getting the most power from your flash / speedlite / speedlight
This might be obvious, but the most power (or light) that you’re going to get from your flash, is at full output in manual. Then the flash dumps everything it has. Full power. You could of course zoom your flash-head a little tighter and get more power / range, but essentially, you’re at the limit.
This is useful to know when you’re balancing flash with bright sunlight. With this portrait of Shawna, out on the Las Vegas strip, I wanted that sun-flare look … but I also wanted to balance the super-bright background with flash.
working with direct off-camera speedlight
Since we were using only a single speedlight, a softbox wouldn’t have worked. The softbox cuts down too much of the flash’s output. So we used direct, unmodified flash. But we used it off-camera, instead of on-camera, so we could get more interesting light than direct on-camera flash would’ve allowed.
The technique here is essentially the same as when we photographed Shawna earlier on, inside the hotel room, using on-camera bounce flash. (See: bounce flash portrait – a consistent technique )
- find your background that you’d like to use in the image;
- since we’re using flash in very bright light,
we’ll be at our lowest ISO, and using maximum flash sync speed;
- now we just have to find our aperture to give us correct / good exposure for the background;
- now, for that aperture, find the distance for which the flash (in full manual output), will give you correct exposure.
That last sentence there might need a bit of explanation:
Manual flash is controlled by 4 things: power, distance, aperture, ISO
Of those 4 things,
- we have our ISO (lowest ISO since we’re in bright light);
- we have our power … full manual power so have have the max output!
- aperture … how we want to expose the ambient light
- we now need to find the appropriate distance!
Fortunately, most of the larger, better speedlights will show the distance for that aperture / ISO combination.
With this image above, our settings were:
1/250 @ f10 @ 200 ISO
(since this is the Nikon D3s I was shooting with, and the base ISO is 200.)
for the Canon 5D mk2, the equivalent settings would’ve been:
1/200 @f8 @ 100 ISO
(With Canon D-SLRs, the base ISO is 100.)
With the off-camera Nikon SB-900 and SB-910 speedlights, you could go into the menu of the flash to set the ISO setting, and read the appropriate distance for the aperture you enter. But that’s a mission.
With the Canon 580EX II speedlite, there isn’t a way to directly set the aperture and ISO readings on the flash. Sure we could calculate this from the flash’s guide number … but that too is a mission.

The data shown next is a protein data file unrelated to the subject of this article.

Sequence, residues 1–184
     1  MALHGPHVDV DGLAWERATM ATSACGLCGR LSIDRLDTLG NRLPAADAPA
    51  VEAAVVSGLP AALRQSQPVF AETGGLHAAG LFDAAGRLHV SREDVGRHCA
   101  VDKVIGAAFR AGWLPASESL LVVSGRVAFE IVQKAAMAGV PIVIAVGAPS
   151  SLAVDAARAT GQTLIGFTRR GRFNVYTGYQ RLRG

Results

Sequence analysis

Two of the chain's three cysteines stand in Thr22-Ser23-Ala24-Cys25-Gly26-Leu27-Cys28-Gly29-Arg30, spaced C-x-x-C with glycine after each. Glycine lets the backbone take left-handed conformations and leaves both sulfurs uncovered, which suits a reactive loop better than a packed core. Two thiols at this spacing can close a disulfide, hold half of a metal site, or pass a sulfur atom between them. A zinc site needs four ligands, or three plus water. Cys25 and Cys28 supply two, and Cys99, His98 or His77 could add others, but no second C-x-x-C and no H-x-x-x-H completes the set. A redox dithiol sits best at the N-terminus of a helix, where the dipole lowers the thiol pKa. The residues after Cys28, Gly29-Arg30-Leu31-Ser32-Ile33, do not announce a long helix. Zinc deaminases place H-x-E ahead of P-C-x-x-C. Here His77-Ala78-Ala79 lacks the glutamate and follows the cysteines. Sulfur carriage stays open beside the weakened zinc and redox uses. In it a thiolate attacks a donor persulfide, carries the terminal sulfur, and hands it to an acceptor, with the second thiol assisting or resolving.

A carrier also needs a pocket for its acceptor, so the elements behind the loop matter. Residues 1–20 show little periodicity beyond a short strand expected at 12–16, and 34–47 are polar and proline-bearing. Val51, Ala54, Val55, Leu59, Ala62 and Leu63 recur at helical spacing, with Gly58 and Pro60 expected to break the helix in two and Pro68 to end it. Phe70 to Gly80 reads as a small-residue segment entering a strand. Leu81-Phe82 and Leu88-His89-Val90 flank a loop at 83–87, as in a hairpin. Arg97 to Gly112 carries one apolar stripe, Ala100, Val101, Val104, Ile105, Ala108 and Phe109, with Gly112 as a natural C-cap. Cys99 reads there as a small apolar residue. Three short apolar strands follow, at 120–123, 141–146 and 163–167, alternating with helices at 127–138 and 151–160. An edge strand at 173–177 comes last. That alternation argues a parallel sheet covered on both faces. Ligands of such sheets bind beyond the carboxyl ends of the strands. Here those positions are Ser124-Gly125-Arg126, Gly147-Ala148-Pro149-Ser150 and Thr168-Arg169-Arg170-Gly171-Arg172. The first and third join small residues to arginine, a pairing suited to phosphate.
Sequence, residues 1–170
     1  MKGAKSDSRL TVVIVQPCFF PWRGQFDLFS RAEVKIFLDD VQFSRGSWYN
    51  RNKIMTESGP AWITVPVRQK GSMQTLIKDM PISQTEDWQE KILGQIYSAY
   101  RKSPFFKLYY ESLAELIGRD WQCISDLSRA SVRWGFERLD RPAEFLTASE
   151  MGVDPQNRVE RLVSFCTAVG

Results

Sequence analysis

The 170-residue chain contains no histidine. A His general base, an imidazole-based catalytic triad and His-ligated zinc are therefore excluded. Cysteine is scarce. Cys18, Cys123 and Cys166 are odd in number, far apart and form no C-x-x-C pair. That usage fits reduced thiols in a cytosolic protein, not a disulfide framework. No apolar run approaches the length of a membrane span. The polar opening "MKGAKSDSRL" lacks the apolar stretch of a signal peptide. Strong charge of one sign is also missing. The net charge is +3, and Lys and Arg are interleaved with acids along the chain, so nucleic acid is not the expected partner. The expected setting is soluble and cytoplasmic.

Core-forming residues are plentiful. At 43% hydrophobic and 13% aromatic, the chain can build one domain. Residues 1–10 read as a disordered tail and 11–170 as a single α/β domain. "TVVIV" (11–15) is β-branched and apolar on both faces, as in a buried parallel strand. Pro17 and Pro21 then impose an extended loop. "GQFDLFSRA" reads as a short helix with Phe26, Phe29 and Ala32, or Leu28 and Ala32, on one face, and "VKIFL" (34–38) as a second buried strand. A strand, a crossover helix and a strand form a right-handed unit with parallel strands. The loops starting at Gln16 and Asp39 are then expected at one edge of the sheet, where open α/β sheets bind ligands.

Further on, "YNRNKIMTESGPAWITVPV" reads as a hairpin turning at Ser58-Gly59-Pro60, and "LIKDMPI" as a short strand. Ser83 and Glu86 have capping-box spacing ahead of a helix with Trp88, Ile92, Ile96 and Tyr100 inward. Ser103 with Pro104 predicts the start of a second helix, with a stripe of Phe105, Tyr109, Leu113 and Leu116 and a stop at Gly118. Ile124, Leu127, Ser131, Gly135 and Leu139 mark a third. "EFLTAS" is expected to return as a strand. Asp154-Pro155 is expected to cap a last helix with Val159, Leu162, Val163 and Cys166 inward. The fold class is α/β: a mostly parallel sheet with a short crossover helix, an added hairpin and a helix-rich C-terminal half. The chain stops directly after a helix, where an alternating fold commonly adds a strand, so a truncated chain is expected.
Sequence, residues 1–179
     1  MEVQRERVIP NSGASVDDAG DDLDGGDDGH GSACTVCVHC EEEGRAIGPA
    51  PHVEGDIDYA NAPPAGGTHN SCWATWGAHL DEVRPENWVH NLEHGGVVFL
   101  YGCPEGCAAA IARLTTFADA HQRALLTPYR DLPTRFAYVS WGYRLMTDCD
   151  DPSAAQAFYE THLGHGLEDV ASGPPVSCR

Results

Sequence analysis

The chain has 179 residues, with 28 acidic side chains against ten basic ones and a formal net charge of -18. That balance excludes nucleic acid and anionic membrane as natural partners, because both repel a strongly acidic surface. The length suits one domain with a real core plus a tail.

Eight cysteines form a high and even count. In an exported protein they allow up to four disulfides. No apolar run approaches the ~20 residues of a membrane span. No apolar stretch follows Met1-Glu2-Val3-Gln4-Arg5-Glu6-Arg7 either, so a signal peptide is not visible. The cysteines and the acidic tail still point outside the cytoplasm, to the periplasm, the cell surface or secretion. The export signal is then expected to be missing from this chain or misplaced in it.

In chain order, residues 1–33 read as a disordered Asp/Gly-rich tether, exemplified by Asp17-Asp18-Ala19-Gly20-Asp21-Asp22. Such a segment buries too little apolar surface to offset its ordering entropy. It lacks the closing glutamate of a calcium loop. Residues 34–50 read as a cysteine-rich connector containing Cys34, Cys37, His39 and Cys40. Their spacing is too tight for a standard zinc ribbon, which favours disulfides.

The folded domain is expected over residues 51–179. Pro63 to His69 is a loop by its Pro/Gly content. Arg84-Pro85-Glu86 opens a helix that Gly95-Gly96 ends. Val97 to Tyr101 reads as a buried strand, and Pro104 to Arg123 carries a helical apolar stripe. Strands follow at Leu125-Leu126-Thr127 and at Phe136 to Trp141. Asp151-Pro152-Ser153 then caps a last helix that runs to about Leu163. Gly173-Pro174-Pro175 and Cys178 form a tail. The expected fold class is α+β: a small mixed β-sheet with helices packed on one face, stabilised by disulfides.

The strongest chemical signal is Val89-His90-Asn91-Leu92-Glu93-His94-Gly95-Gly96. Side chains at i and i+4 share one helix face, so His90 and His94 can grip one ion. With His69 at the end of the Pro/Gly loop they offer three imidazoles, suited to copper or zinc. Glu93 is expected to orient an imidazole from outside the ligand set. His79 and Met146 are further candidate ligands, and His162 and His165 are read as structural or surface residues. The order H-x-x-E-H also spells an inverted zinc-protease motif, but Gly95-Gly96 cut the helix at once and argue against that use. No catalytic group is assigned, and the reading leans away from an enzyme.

a quick method to calculate which distance to keep your flash
With that off-camera flash ON your camera, (so it can read the ISO and aperture you set), look at the scale at the back of the flash.
Note that I kept the flash zoomed to 50mm. So for full power from the Nikon SB-900, at 200 ISO, I have to be 13 ft from my subject for the flash to deliver f10 worth of flash.
For the Canon 5D mk2 equivalent, the display would’ve looked like this on the Canon 580 EXII speedlite:
Again, for 100 ISO, I have to be around 20 ft from my subject to get correct exposure for f8
The 580EX II only displays the aperture setting when the flash is in E-TTL mode. It’s an odd quirk.
Don’t make too much of the difference in distance shown here. The Canon speedlite’s display is more ambiguous about the specific distance. Also, the various manufacturers tend to be slightly optimistic about the output of their flashguns. So you DO need to check the back of your camera to see if your exposure is correct. Or close enough to correct.
That’s the process … find the aperture you need for your ambient exposure (at max sync speed and lowest ISO), and then for that aperture, find the distance on your flash when set to full manual output. Simple, really.
Now, shooting against the bright sun like that, all cameras will hesitate in their focusing. ALL cameras. What I do then, is rely on the depth-of-field of shooting in the f8 to f11 range as in this case, and then I focus on my subject’s feet.
No strong back-lighting to contend with, and I can lock my camera’s focus … and then get the shot.